• The agent desktop environment logs database is the summarized repository for both the monitor and the Citrix ICA session monitor. The database has the following tables:
  • The LOGS table contains an entry for every agent's agent desktop environment Session.
  • LOGS Design
  • [LOG_ENV] [varchar] (5)—Represents the Production agent desktop environment 50 SQL Server the agents log resides on.
  • [LOG_IDent] [varchar] (50)—A unique identifier in the form of a GUID to identify an agents session.
  • [LOG_Date] [datetime]—The date and time the agents session began.
  • [LOG_AgentID] [varchar] (10)—The agents Tandem logon ID.
  • [LOG_CitrixID] [varchar] (50)—The agents Citrix User ID
  • [LOG_status] [varchar] (25)—The last/current phone status for the agent.
  • [LOG_Score] [numeric](18, 0)—A score assigned to the current session based on events found in the log.
  • [LOG_projectID] [varchar] (50)—The project ID the agent is calling on.
  • [LOG_LastUpdate] [datetime]—The last time this row was updated by the log Monitor or web Service.
  • Data in this table is purged after 7 days automatically by the monitor Service. This figure is adjustable from the monitor Configuration file. Logs are kept for 7 days to allow the agent Lookup Screen (from the web service) to retrieve logs. The number of rows in the table depends entirely on how many agent desktop environment agents sign in during a given week and how many agents have multiple session per day. The expected database size is around 30,000 rows and subject to grow as more clients are brought online.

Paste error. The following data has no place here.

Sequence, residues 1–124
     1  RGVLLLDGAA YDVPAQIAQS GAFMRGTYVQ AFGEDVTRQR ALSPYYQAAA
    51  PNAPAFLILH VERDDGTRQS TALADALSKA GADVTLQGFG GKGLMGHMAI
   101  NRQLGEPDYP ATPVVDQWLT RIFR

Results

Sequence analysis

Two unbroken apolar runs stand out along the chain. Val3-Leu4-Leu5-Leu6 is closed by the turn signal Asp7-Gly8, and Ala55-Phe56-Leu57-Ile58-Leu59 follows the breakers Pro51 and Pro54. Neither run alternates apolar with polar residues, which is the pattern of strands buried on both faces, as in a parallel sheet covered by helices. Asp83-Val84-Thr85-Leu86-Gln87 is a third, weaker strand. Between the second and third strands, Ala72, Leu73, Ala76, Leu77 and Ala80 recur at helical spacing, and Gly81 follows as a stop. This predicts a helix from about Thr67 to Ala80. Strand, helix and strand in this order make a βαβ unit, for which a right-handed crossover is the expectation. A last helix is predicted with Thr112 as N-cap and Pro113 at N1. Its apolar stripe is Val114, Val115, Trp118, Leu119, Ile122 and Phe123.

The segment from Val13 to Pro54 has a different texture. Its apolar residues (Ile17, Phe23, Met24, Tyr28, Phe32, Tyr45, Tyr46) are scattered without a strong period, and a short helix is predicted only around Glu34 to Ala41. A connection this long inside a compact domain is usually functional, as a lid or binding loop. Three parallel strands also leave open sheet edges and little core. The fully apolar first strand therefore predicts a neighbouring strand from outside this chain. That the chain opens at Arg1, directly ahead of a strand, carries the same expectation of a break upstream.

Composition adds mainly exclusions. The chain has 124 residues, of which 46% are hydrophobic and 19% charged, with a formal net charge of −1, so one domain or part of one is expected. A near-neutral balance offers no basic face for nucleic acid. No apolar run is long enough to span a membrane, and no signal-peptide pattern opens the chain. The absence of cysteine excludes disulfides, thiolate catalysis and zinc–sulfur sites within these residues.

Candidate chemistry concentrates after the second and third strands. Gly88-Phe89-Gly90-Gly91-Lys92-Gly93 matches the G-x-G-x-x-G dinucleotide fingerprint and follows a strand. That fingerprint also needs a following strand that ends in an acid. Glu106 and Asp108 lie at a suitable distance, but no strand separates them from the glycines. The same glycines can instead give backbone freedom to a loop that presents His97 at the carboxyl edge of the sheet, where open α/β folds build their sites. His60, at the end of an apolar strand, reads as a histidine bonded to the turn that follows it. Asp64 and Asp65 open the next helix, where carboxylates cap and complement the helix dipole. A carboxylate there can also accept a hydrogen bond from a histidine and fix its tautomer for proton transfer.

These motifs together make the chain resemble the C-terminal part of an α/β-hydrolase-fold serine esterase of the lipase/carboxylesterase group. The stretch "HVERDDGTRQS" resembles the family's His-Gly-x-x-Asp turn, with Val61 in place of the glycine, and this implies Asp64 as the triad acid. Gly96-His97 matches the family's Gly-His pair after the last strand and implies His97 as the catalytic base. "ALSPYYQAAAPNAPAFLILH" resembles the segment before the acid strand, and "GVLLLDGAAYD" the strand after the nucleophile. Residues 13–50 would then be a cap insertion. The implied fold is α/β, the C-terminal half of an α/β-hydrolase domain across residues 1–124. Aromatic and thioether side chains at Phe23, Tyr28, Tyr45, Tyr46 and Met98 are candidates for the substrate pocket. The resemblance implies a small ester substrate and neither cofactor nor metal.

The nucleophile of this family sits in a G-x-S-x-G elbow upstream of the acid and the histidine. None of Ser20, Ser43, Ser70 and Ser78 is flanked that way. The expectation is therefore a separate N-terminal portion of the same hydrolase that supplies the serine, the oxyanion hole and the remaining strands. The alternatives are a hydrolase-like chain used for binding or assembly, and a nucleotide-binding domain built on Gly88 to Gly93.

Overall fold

• The LOGS_NAMEVALUE table is a generalized table which stores configurable values based on the configuration file of the monitor Service.
  • LOGS_NAMEVALUE Design
  • [NV_Env] [varchar] (5) Represents the Production agent desktop environment 50 SQL Server the agents log resides on.
  • [NV_IDent] [varchar] (50) A unique identifier in the form of a GUID to identify an agents session.